As I said, I hope this is of interest and you enjoy my tale.
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Old 12th Oct 2013, 13:17
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Excellent...even as an ordinary passenger you could still ask to visit the cockpit as late as 1986...maybe later.
G-AWND eventually got blown up in Kuwait at the start of the 'first' Gulf War I believe....here as delivered to BOAC

Photos: Boeing 747-136 Aircraft Pictures | Airliners.net

Last edited by A30yoyo; 12th Oct 2013 at 13:18.
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Old 12th Oct 2013, 13:22
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I enjoyed that, what a lovely story. Shows what a bit of confidence can do, fortune favours the bold, as the saying goes.

No doubt someone will say you were 'lucky'. I disagree - that's not luck, it's the result of a confident approach.
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Old 12th Oct 2013, 15:20
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Flight deck visits were only banned after the World Trade Centre terrorist attacks of 9/11 AFAIK. I got a jump seat ride on Concorde G-BOAD, take off to landing, in August 1999.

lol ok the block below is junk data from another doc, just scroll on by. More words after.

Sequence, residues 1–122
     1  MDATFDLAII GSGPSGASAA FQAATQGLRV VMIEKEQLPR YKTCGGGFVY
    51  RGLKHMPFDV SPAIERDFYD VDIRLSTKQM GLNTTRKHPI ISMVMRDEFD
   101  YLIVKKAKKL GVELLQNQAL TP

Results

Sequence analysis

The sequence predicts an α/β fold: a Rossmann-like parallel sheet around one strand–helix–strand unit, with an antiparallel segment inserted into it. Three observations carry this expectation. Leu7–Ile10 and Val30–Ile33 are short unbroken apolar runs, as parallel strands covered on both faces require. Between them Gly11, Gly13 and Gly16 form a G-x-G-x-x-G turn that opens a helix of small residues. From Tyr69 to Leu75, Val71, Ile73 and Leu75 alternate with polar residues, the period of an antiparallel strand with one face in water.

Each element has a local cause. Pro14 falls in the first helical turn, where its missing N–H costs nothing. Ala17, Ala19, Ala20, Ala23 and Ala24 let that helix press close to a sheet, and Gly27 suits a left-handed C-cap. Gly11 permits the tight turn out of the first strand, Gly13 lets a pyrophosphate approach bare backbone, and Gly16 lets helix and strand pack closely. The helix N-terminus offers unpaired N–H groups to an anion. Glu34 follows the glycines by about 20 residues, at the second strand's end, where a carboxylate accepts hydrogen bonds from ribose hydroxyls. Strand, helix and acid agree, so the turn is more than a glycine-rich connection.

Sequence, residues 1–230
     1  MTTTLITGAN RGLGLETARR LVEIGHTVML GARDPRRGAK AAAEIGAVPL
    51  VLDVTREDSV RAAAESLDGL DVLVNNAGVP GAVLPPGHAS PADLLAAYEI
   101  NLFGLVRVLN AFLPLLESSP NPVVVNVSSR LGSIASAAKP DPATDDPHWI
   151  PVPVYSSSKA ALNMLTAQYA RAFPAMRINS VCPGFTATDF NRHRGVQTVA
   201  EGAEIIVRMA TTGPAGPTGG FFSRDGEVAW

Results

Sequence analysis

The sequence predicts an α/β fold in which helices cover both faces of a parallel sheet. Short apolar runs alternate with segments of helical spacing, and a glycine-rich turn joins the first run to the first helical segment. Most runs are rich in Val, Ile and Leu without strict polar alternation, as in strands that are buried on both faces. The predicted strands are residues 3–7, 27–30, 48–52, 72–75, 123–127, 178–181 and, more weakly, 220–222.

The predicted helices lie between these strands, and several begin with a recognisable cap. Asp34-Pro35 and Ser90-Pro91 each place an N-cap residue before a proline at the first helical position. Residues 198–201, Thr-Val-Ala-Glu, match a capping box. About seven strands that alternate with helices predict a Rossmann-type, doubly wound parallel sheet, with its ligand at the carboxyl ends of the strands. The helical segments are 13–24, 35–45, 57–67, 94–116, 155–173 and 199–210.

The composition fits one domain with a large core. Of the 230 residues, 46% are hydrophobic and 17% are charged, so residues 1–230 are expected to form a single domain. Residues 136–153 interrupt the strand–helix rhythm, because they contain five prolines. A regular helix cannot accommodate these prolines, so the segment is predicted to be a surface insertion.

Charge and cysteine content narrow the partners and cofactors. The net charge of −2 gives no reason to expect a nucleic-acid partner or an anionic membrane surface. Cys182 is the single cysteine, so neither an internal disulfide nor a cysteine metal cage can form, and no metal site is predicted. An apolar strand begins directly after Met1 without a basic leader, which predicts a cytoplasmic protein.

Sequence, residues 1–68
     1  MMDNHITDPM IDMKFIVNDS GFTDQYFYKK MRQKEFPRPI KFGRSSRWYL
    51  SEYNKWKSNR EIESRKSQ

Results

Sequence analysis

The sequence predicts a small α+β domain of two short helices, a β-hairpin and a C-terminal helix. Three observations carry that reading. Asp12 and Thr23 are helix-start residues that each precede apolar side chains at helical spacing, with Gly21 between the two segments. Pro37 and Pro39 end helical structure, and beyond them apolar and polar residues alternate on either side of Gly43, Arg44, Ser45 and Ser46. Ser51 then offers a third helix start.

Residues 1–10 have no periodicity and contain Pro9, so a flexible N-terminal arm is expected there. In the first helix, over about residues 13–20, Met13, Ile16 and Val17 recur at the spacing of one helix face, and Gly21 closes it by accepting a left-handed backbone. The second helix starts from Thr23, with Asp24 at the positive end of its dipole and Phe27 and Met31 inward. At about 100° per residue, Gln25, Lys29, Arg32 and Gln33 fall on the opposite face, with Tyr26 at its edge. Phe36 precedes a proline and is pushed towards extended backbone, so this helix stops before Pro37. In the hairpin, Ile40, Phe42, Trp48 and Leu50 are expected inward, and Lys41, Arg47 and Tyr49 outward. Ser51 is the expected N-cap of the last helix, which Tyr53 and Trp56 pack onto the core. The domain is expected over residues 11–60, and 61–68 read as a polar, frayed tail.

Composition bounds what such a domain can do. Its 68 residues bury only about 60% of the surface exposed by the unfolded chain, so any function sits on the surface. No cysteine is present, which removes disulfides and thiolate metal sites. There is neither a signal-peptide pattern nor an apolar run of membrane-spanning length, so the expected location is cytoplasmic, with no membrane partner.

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Old 12th Oct 2013, 15:44
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What a coincidence, said my companion, I’m a writer as well, how nice to talk to you, who do you write for?
That would my luck.

Great story.
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Old 13th Oct 2013, 10:06
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The Upper Deck crew member was known as 'Fiddler on the roof'. It was a good little number working behind the bar and dishing out the backgammon sets.I also had the same experience but as positioning crew the only seat available was the Jump seat and the use of the upper deck lounge. No problem for me!
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Old 14th Oct 2013, 16:41
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Not quite an 'Upper Deck Lounge' story, but a 'trip in the cockpit' story ...

Late 70s, family holiday to Malta. I think that this was the 4th time we'd been there as a family; oddly enough I remember all the previous trips out and back (two trips out/back on a Vanguard, one trip out/back on a Trident via Rome), but for this holiday I cant remember what type we flew on to get to Malta. Given the events that unfolded on the return trip, it was probably a TriStar ...

Dad worked for BEA (and subsequently BA), so we were travelling on staff tickets.